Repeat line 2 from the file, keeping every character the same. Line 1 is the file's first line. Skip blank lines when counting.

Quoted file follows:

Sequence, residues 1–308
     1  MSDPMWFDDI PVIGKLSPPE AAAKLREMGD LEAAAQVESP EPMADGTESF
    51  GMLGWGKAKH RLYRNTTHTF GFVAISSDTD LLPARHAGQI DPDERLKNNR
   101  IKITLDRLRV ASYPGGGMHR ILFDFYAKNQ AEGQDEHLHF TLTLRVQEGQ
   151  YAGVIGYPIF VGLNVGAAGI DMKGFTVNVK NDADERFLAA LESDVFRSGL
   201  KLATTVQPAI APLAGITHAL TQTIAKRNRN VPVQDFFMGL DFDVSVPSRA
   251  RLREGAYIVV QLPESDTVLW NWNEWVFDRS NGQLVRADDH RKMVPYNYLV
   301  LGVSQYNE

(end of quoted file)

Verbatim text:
     1  MSDPMWFDDI PVIGKLSPPE AAAKLREMGD LEAAAQVESP EPMADGTESF